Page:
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. Last Updated: 07/27/2016

Business in Brief

Alfa Buys Dutch Bank

The Moscow Times

Alfa Bank bought a 100 percent stake in Amsterdam Trade Bank NV for $10 million, Prime-Tass reported Alfa Bank as saying Wednesday.

Amsterdam Trade, a subsidiary of SBS-Agro in the Netherlands, is the only bank with Russian private capital in the euro zone, although Alfa Bank has affiliates in Britain and the United States.

Alfa said its presence in the Netherlands opens up new opportunities for servicing Russian-Dutch turnover, international transactions by Russian clients and their Western partners and the implementation of joint projects.

Wage Arrears Rise 1.8%

The Assocciated Press

Federal, local and regional governments have fallen behind on wage payments this year, according to official statistics released Wednesday.

Wage arrears rose 1.8 percent in January and 3.8 percent in February, reaching 33.49 billion rubles ($1.29 billion), according to the State Statistics Committee.

The government share of that sum rose 9.2 percent in February, accounting for 4.92 billion rubles, the committee said. Large private and state companies were responsible for the rest.

The government and large companies have often patched up holes in their budgets by delaying salary and pension payments. The practice had faded last year after an economic upswing caused by high oil prices for oil, and the government and companies had begun to chip away at their wage debts.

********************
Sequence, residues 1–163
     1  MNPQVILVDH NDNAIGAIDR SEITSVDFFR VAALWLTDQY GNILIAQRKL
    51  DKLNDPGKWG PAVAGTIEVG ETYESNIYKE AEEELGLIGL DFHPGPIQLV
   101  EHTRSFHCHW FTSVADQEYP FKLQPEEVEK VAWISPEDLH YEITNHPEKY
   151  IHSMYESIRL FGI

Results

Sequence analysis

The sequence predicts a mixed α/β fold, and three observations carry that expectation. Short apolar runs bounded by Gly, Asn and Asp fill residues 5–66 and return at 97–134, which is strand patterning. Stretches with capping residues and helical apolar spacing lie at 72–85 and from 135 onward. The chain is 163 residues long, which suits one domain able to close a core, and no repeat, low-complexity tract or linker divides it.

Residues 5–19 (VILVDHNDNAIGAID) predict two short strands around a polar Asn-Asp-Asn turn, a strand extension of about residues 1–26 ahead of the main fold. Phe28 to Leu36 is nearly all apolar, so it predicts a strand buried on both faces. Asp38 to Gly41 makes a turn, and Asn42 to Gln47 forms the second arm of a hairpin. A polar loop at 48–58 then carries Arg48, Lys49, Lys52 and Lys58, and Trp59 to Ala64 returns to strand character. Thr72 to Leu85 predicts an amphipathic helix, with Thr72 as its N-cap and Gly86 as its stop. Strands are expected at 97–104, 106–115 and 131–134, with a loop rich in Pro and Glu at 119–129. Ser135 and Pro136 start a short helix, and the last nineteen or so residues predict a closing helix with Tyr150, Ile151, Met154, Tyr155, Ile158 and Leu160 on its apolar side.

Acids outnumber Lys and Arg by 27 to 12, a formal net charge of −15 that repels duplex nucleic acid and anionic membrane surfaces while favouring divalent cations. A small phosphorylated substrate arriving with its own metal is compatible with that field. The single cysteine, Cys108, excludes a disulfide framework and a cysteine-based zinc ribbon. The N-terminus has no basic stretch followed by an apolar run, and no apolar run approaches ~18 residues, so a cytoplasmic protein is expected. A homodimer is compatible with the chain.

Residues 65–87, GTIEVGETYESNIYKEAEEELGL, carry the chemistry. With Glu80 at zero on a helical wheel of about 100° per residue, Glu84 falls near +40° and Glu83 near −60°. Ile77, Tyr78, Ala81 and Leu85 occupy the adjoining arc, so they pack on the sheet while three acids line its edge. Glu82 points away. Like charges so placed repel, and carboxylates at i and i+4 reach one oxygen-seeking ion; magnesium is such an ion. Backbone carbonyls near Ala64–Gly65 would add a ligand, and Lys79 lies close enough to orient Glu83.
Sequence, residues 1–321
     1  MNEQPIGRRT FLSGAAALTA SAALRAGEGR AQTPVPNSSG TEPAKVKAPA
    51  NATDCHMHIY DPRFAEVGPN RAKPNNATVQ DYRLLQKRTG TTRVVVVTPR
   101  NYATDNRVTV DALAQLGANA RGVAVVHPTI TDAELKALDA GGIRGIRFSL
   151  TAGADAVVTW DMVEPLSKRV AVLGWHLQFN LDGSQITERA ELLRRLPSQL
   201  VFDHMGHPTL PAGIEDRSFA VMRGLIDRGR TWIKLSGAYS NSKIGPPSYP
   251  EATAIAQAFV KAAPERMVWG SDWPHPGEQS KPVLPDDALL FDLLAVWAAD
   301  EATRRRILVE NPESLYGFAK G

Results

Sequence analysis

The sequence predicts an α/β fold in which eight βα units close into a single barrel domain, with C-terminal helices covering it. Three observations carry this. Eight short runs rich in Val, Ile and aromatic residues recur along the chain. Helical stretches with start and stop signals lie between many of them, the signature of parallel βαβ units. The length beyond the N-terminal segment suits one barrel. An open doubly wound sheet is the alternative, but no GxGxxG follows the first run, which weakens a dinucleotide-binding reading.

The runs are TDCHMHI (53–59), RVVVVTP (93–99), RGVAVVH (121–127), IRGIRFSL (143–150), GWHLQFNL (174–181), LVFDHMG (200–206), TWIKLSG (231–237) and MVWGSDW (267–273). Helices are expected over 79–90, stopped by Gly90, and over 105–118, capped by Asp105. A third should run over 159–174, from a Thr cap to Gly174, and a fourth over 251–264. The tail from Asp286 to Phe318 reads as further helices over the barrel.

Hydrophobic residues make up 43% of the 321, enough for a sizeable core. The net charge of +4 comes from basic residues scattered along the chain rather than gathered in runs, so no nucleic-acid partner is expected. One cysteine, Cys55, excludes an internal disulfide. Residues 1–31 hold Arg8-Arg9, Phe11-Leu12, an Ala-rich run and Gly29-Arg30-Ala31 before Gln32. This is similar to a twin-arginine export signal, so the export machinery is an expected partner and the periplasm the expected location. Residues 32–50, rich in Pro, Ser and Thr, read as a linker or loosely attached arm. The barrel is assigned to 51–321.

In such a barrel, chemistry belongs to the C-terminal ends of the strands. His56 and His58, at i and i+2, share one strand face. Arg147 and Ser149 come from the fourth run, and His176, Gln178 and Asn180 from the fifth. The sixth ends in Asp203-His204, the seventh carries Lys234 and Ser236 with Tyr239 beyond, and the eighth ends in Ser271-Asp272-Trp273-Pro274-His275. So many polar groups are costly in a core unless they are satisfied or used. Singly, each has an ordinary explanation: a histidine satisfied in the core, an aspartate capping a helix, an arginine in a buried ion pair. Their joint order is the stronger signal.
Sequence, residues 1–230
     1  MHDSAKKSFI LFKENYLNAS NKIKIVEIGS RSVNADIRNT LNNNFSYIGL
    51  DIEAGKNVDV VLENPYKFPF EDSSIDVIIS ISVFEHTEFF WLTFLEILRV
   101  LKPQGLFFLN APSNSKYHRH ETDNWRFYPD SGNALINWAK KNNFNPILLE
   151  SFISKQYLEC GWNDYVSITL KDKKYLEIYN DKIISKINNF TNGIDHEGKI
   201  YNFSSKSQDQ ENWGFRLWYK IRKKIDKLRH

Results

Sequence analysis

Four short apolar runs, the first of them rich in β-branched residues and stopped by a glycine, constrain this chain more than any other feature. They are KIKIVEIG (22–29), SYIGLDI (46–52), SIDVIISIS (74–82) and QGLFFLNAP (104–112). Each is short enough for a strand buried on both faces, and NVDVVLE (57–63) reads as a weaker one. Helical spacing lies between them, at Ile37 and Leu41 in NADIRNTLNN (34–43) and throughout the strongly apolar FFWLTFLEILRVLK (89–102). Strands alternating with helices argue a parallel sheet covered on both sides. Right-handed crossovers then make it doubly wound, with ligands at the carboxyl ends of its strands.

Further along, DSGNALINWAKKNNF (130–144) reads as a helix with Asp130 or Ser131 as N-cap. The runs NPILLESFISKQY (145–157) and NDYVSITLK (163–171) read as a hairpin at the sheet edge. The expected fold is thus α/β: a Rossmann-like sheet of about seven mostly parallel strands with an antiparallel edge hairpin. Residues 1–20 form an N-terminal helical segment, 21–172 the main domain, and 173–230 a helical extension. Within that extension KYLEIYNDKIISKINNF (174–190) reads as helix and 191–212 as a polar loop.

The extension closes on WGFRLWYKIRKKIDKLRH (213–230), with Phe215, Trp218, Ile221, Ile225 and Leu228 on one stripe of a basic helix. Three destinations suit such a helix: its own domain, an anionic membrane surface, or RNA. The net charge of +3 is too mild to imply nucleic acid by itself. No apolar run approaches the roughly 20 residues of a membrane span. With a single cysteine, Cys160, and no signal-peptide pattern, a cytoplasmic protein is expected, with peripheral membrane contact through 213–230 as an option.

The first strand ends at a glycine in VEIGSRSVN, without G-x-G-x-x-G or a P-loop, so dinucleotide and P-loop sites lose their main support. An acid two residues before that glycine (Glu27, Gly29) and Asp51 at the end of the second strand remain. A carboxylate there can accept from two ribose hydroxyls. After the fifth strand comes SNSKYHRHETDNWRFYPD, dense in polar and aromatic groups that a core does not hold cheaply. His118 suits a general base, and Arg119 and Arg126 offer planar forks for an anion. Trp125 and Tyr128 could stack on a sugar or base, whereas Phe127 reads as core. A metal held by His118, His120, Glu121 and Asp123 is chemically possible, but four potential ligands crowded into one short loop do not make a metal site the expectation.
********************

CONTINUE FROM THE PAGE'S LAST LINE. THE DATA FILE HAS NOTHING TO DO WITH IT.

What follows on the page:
Norilsk Nickel Upgrade


Brunswick UBS Warburg said Tuesday it upgraded metals giant Norilsk Nickel to "strong buy" from "speculative buy" as the company has shown commitment to completing a restructuring plan viewed as positive.

A research note said completing restructuring would reduce corporate governance risks to the Russian average and praised Norilsk's recent initiatives of including minority shareholders on the board and adopting an improved charter.

"We therefore see Norilsk Nickel as being well placed to become one of the most pronounced corporate governance turnaround stories on the Russian market, with shareholders becoming interested in making money on equity and dividends," it said. It saw Norilsk shares as fair value at $25.5.

Svyazinvest Split


State telecoms holding Svyazinvest said Wednesday that it would propose splitting the nominal share value in several regional telecoms to improve their liquidity and ease conversion as they consolidate.

A Svyazinvest spokeswoman said the holding would propose the split at upcoming annual shareholders meetings at 11 of its subsidiaries.

The government is consolidating Svyazinvest's dozens of small regional telecoms into seven mega-regional telecoms to boost industry efficiency. The spokeswoman said lowering the nominal value of the shares would simplify their conversion as the restructure proceeded.

TNK Unit Gets $50M


TNK-Ukraine, a fully owned subsidiary of Tyumen Oil Co., or TNK, has received a $50 million loan arranged by Westdeutsche Landesbank Girozentrale, TNK said Wednesday.

The one-year revolving facility is aimed at stabilizing production at the Lisichansk, or Linos, refinery in Ukraine and is partially guaranteed by TNK, the company said in a statement.